Don't be a bunny with electrical safety this Easter

Published: 17 Mar 2016 9:04am

The four days leading up to Easter typically produce a serious spike in electrical safety incidents on farms, roads and workplaces across regional Queensland, according to Ergon Energy.

Community Health and Safety Senior Advisor Glen Cook is concerned that too many people take short-cuts as they try to get everything done before the extended Easter break.

“The result is that we see more incidents impacting on our network from tippers, excavators and farm machinery in those four days than at other times,” he said.

“In the past year, the accidental contact with Ergon’s network has come from trucks on 109 occasions, farm machinery 64, excavators 32, slashers 13, tip trucks 12 and graders five times.

“Every time there is contact with our power lines, poles and stays, there is the potential for the equipment operators and other people in the vicinity to receive an electric shock, or worse.

“And it also causes inconvenience for customers affected by power supply interruptions arising from the impact on our network.

“Our message to people working on machinery near power lines is to take the same precautions in the days leading up to Easter as they do for the rest of the year.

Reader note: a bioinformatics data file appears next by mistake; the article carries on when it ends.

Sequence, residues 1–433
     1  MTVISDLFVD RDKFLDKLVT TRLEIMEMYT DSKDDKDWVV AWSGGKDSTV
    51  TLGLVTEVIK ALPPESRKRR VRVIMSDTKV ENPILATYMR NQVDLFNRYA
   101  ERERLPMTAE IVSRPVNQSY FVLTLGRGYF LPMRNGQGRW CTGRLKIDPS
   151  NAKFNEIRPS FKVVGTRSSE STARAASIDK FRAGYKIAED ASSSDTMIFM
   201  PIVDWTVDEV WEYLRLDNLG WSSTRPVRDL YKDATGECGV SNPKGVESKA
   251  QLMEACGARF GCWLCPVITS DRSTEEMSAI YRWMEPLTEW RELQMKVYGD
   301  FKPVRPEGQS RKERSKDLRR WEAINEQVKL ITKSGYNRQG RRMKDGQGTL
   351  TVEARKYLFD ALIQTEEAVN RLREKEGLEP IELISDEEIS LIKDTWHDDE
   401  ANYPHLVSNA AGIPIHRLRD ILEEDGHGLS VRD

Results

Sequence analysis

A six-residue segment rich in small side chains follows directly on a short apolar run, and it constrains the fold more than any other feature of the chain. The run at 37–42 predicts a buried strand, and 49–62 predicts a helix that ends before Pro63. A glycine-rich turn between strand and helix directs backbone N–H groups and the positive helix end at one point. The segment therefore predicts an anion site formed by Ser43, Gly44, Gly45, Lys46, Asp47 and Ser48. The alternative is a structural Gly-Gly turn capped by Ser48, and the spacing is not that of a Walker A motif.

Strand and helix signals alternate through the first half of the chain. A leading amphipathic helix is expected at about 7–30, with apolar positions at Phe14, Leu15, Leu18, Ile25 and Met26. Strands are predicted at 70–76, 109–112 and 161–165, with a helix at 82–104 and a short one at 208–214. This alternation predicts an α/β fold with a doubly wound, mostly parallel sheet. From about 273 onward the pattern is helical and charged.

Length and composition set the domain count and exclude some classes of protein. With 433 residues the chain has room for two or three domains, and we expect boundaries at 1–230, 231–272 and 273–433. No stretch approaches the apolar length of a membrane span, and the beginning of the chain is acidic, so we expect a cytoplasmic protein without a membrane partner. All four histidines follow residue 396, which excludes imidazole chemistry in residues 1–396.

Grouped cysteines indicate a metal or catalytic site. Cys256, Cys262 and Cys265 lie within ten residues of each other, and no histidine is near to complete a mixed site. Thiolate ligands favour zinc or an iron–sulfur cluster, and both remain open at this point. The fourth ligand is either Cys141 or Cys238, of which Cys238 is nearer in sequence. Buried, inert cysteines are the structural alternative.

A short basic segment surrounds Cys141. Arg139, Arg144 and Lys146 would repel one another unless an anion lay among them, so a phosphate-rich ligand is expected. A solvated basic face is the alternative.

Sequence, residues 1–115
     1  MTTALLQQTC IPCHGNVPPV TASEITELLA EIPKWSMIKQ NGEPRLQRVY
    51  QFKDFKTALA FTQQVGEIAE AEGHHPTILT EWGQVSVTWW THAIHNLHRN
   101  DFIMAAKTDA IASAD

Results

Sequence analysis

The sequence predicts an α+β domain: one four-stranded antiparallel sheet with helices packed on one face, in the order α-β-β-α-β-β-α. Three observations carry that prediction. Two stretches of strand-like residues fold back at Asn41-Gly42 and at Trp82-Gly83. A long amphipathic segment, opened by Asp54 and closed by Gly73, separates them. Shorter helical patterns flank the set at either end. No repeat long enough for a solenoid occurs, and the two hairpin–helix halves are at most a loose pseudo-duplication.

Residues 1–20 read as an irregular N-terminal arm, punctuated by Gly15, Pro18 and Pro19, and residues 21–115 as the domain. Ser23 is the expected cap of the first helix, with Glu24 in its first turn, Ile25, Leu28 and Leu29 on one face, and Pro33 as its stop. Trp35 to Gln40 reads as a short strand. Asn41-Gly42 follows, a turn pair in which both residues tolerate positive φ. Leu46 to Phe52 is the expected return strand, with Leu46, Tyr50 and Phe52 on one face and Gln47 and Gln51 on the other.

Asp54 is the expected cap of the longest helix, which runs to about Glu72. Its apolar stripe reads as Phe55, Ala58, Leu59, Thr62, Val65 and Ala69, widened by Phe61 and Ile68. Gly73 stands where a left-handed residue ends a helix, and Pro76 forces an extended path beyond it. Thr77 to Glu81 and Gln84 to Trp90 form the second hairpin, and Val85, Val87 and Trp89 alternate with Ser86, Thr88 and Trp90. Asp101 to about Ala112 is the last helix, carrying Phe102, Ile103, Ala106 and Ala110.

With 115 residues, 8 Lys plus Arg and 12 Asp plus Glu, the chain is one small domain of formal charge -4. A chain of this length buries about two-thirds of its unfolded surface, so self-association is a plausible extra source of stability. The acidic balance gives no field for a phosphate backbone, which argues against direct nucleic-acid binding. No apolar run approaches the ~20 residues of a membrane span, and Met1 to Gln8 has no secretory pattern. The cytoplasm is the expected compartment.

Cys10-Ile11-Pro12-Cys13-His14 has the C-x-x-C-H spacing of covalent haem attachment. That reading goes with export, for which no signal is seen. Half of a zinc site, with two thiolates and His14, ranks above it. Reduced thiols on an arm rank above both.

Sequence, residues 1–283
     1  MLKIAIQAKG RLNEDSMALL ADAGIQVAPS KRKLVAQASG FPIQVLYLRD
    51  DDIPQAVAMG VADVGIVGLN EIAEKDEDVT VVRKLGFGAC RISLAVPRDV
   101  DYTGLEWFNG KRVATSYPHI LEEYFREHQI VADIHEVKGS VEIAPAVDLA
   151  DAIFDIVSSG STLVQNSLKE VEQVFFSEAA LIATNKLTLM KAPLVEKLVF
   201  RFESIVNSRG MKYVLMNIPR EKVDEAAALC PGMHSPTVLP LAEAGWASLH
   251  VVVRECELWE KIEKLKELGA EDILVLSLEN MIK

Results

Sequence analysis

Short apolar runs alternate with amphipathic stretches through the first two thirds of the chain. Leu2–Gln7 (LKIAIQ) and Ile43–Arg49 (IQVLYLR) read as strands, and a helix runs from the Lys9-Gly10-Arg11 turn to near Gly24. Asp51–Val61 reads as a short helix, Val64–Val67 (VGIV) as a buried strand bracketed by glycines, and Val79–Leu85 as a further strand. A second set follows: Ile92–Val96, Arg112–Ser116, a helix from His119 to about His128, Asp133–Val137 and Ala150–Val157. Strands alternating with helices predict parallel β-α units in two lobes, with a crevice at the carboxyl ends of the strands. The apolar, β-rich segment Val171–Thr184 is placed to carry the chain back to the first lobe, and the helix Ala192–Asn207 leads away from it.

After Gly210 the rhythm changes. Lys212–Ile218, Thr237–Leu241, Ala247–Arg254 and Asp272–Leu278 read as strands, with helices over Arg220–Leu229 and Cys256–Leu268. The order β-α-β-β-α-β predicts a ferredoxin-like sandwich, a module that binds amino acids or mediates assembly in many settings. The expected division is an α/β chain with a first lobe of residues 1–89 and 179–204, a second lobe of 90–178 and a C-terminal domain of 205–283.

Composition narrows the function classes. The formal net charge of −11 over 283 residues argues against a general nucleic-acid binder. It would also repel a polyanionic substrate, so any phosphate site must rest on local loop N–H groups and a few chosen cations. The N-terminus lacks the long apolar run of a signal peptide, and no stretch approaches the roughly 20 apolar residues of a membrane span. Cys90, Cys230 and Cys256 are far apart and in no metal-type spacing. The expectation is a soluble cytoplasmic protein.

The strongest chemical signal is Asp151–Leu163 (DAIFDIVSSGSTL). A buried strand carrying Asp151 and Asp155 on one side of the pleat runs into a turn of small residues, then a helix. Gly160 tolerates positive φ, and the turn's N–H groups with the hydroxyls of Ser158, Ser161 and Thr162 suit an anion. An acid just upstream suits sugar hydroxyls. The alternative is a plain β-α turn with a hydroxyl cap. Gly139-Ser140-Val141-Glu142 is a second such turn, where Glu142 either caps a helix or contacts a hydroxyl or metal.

“That includes identifying the electrical hazard on site, appointing a safety observer and remembering the Look Up and Live message.”

Mr Cook said the Easter long weekend also posed additional electrical safety risks, given the number of families using the opportunity to undertake home renovation projects.

“Anyone working near a service line that connects power to their home needs to ‘Look Up and Live’ if using a metal ladder or pool scoop, clearing gutters or painting,” he said.

“Likewise, never cut trees near the service line to the house. In the past 12 months, 30 electrical safety incidents have occurred when trees were cut and damaged the customer service line.

“The best protection against electrical accidents in the home is the installation of a safety switch. But even where a safety switch is installed, it is still important to follow basic electrical safety principles to further reduce the risks.

“For example, don’t use any electrical appliance in an area that is wet and always wear strong, rubber-soled footwear when using power tools.

“Most importantly, remember it’s illegal for an unlicensed person to do any electrical work.”

Mr Cook said motor vehicle accidents often impacted power poles or pillar boxes and Easter caused an increase in these types of incidents.

“In the past year, there have been 258 vehicle accidents that have contacted Ergon assets,” he said.

“When these accidents occur, those at the scene should call Triple Zero, stay clear of the vehicle and advise occupants to remain in the vehicle until Ergon arrives.”

Mr Cook said other popular Easter activities including spending time around a swimming pool and boating and fishing trips also could create electrical safety risks.

“It is essential to keep appliances well away from a pool and for boat owners to ensure masts, radio aerials and extension poles or outriggers don’t come in the vicinity of overhead power lines,” he said.

Media Contact: Rod Rehbein
Phone: 4153 9813 or 0407 031 072

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